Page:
Posts Tagged ‘Hey Babe’

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The early ‘90s were very good to Juliana Hatfield. In the first half of that decade, she contributed to the best album by her former band Blake Babies, released two fantastic solo albums and one with a new project, The Juliana Hatfield Three, and played bass on The Lemonheads’ greatest achievement “It’s A Shame About Ray”. It’s a period of Hatfield’s career ripe for rediscovery, even as she continues to release fine new music currently.

Juliana Hatfield’s debut album Hey Babe. Filled with effortless melodies and catchy guitar riffs. Hatfield’s intelligent, hook-laden songs shine here in here exceptional debut.

A great first step is to listen to this new vinyl edition of her 1992 solo debut, Hey Babe. The album belies its heartbroken, self-reflective songs through Hatfield’s chirpy delivery of her lyrics and the urgent grind of its guitar rock (with help from members of Bullet Lavolta and fIREHOSE). All of that is rendered with sharp definition on this new pressing of the LP. This music needs clarity like this to let every shard of Hatfield’s broken heart stick in the listener’s skin while the music surges and blooms around the room.

It’s release from 1992 was the inaugural year of the “women in rock” era: a stretch of several years when artists from Courtney Love and PJ Harvey to Meredith Brooks unwittingly formed a cohort of so-called girls with guitars and the phrase “girl power” seeped into the popular lexicon from the underground precincts of the riot grrrl scene.

Juliana Hatfield was at the heart of this zeitgeist. In 1992, Hatfield had just broken up her college band Blake Babies and released her solo debut Hey Babe on Mammoth Records. Hey Babe was among the most successful independent releases of the year; 25 years on, it remains a largely forgotten minor masterpiece. Hey Babe offers a landscape of emotion – self-disgust, second-guessing, depression, cautious optimism – that has no place in a reception model so narrowly hinged on “empowerment”. The album dwells on muddled feelings, elevating confusion and insecurity over anger. Its 11 songs build entire worlds out of the state of feeling small, delivered in a voice that skids from girlish wail to shattered mumble. The album’s centrepiece is the song Ugly, an acoustic instruction manual on living with low self-esteem. “I’m pretty lost but I don’t want to be found/ My tiny screams don’t make a sound,” sings Hatfield.

Hatfield herself stopped playing its songs shortly after it was released. “Immediately after recording the album, I was really embarrassed by it,” she explained , “but now I’m really proud of myself.” Hey Babe will strike a chord with a new generation of listeners who are shy, ambivalent, inward and emotionally complex.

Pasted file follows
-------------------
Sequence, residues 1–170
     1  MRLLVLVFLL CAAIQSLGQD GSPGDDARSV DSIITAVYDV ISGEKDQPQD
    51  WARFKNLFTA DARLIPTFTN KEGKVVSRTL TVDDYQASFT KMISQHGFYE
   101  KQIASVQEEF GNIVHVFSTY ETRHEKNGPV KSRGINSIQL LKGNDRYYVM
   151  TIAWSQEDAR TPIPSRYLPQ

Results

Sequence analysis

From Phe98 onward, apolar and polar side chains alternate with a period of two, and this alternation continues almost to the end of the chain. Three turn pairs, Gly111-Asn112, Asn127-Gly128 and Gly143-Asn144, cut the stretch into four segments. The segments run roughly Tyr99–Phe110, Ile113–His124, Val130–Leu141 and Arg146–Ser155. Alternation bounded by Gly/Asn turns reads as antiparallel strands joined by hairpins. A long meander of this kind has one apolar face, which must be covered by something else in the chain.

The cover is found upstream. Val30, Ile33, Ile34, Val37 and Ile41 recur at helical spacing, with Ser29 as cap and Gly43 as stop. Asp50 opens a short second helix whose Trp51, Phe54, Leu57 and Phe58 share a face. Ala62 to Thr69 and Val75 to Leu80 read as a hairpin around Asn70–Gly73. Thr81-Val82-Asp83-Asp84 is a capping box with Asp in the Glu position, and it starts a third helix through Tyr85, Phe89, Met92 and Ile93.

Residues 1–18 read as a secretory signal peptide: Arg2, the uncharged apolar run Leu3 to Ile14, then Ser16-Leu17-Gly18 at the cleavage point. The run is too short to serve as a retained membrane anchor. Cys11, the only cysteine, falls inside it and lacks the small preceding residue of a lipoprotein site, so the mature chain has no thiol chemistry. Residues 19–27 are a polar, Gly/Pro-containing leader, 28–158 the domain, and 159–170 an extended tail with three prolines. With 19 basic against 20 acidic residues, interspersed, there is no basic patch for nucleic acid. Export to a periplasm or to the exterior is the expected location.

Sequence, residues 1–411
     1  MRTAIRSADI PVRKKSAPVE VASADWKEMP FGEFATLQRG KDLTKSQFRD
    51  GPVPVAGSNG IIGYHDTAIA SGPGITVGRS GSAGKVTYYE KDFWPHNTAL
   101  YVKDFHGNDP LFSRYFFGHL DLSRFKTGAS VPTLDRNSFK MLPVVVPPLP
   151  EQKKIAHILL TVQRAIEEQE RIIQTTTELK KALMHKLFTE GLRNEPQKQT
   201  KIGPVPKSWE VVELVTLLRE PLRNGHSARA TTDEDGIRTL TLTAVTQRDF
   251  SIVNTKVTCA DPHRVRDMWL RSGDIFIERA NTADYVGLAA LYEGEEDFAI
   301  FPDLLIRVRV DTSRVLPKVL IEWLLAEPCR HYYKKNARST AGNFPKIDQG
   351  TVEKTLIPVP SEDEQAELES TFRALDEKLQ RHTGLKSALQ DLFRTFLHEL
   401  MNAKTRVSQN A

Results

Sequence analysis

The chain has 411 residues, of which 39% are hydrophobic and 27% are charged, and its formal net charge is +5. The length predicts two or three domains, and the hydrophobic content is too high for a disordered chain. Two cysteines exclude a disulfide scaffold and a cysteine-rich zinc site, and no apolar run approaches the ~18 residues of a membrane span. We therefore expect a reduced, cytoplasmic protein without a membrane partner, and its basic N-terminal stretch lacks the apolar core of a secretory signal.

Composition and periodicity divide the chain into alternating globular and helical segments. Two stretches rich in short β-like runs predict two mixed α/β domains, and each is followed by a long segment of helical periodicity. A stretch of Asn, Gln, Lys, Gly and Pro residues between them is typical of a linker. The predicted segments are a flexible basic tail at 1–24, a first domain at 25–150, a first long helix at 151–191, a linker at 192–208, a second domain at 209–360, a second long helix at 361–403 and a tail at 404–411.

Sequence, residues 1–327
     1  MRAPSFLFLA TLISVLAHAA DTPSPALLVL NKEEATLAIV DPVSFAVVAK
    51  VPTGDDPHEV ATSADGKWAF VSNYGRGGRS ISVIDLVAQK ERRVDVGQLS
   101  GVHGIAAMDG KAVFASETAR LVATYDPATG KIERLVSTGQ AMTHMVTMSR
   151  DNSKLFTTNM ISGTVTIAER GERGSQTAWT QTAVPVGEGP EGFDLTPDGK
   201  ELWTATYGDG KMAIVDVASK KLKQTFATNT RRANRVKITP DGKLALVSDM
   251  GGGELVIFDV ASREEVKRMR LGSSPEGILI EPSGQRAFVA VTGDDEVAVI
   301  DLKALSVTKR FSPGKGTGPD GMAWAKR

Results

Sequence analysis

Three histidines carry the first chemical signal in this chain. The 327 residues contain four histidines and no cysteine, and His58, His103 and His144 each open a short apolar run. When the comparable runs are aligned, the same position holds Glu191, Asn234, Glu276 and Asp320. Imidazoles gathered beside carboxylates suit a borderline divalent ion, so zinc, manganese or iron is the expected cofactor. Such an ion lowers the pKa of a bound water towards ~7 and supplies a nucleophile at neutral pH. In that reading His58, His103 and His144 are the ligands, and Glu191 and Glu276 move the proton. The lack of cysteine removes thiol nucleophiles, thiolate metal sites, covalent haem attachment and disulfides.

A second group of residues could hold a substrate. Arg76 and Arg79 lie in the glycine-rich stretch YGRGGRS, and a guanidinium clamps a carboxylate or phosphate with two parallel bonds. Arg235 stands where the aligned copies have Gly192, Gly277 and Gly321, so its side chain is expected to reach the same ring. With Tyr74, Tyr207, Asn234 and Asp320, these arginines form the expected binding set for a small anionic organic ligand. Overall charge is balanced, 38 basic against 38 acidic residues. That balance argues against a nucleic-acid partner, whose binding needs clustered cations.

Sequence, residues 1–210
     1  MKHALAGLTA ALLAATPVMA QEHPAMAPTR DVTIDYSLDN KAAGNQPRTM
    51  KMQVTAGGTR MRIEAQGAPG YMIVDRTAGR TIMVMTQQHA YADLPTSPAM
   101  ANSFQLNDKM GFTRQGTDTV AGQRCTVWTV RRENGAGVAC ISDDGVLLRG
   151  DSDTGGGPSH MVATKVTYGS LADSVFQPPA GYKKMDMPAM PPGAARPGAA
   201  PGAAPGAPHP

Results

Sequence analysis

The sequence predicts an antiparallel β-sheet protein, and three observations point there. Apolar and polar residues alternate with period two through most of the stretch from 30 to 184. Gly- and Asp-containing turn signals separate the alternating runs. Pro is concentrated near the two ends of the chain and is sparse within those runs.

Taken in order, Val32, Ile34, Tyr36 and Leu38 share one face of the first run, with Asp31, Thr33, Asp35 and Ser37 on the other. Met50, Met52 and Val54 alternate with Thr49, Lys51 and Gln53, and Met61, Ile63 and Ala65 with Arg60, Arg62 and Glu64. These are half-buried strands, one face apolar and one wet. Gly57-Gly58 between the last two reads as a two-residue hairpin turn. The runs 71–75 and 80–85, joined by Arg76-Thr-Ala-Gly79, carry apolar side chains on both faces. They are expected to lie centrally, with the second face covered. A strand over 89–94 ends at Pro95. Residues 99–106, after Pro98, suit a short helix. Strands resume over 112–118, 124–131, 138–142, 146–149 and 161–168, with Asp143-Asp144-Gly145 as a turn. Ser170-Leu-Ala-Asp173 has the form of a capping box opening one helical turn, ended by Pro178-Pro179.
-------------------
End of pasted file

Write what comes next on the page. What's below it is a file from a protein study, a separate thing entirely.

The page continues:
Sean Glonek at SRG Studios newly master from the original 1/4″ analog tapes. The artwork has been recreated from the original LP art but with a little twist thanks to the skill and creativity of award-winning designer, Aaron Tanner of Melodic Virtue. This exclusive limited-edition pressing, in a single-pocket gatefold jacket, was pressed by hand at Burlington Record Plant in Burlington, VT.

“Hey Babe” was produced by Gary Smith (Pixies, Throwing Muses, Blake Babies), and was originally released on Mammoth Records back in 1992. The album featured a bevy of guest players, including Mike Watt, Evan Dando, John Wesley Harding, Clay Tarver, Chick Graning, and Todd Philips.

This special 25th Anniversary Reissue is produced and distributed by American Laundromat Records, Inc. under license from Mammoth Records. .

Check out :

Undiscovered Planet – A Short Film by David Doobinin (with Juliana Hatfield) Shot, Directed and Edited by David Doobinin Starring Juliana Hatfield with Ayla Huguenot, Maia Devoy, Ananda Liveright

Songs “Touch You Again” (Juliana Hatfield) “Everything’s For Sale” (Juliana Hatfield) “Wipe It Up” (Juliana Hatfield/John Strohm) “Instrumental” (Juliana Hatfield) “Lost Ship” (Juliana Hatfield) “I Don’t Know What To Do With My Hands” (Juliana Hatfield/Matthew Caws)

David (Doobinin) shot and directed the two videos from my Olivia Newton-John album and he has photographed me, too, and I’ve really liked working with him. There is a casualness to his style that puts me at ease–he doesn’t push too hard. And I like the results. He manages to capture something real about who I am and how I see myself, and not many photographers/vidoegraphers are able to do that. I was talking to David about maybe working with me on a larger project like perhaps documenting the making of my next album. As of now we’ve had trouble scheduling that but we did have time to sort of get our feet wet and shoot some everyday documentary footage in and around my home, which we thought made an interesting little short film.” – Juliana Hatfield “What always struck me about Juliana the previous times we worked together is her physicality. The way she moves through each moment. It’s an unselfconscious dance that teeters between a stumbling Chevy Chase and a Runway Model. She has this fearlessness in her music and the way she lives her life. I wanted to try and capture some of that.” – David Doobinin

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